The Overnighters

Directed by Jesse Moss

Starring Keegan Edwards and Jay Reinke

Desperate, broken men chase their dreams and run from their demons in the North Dakota oil fields. A local Pastor's decision to help them has extraordinary and unexpected consequences.


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  • ★★★★ review by Joe on Letterboxd

    Starts out as a powerful examination of how true Christian morals like charity and forgiveness can't take hold even in a political climate dominated by "Christianity," but eventually takes a turn that leaves me scratching my head over what this movie actually is about. At first it seems like an attempt to introduce some arthouse ambiguity to a fairly typical left-wing message doc, but after a few bafflingly vague sequences a kind of bomb is dropped and the river changes direction in a refreshingly complicated way. I will say this, though: Hearing about a pastor or minister cheating on his wife or hiring a prostitute never disillusioned me about organized religion when I was a teenager - more than anything, it was when my church posted a sign at the door telling the homeless that they will no longer be providing sack lunches that did the trick. I probably think about that sign at least once a week, and I wasn't even the intended audience for it.

  • ★★★★½ review by Steve Kimes on Letterboxd

    -The Overnighters is the closest movie to my work that I've found. Calvary feels more emotionally resonant and Wendy and Lucy best expresses the lives of the people I serve, but I can't deny the connection between myself and Pastor Jay Reinke. Temperamentally, we couldn't be more different. He's a people-pleaser and I get a rush from conflict. He is concerned with what people think, and I'm more concerned with how people act. As a pastor, I chose to begin my own congregation of the homeless rather than deal with the back and forth of middle class values.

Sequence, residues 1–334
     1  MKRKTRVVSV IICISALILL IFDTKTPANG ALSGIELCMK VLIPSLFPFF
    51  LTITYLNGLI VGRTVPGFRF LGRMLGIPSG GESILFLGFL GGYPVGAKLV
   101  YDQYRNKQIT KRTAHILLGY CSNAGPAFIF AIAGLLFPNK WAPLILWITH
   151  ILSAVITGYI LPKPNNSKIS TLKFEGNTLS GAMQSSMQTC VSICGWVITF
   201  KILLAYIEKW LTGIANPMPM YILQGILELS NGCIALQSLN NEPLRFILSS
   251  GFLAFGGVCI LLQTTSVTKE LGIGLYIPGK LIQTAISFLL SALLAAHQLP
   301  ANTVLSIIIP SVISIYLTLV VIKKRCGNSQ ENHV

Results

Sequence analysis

-Some of the scenes remind me of A Time for Burning, when we have the clear hypocrisy of a congregation (or part of a congregation) and the prejudice of a community. They said that "the church" is "full of sinners", but what I have found is that every congregation has a number of hypocrites who talk about love until it inconveniences them. Any church isn't a spiritual group, but a cultural one and when their cultural core is confronted, then you will find people leaving. This usually means that the church's core was in the wrong place to begin with-- in a biased culture instead of a God of love and sacrifice who calls his people to the same.

    -(Clear spoilers here) The end of the film shocked me, but now I realize that it shouldn't have. I've been involved with a similar ministry and similar stresses for 20 years and that led me to depression, anger, along with some bad choices. I never cheated on my wife, but I have broken the covenant I have with my denomination at times. My wife and I both expressed the regret of the pastor's wife, "What we are doing is important, but I'll be glad when it's over." I have never betrayed my family or forsaken time with them. But the stresses of such sacrificial service cut deep and a chunk of our own souls end up on the altar of such service. I've said that Jesus' sacrifice was difficult, but he ministered for three and a half years, had a really tough couple days and it was over. For those of us who have endured for decades, our very humanity is worn down to the bone, and I wonder if my flesh has paid all that it will pay.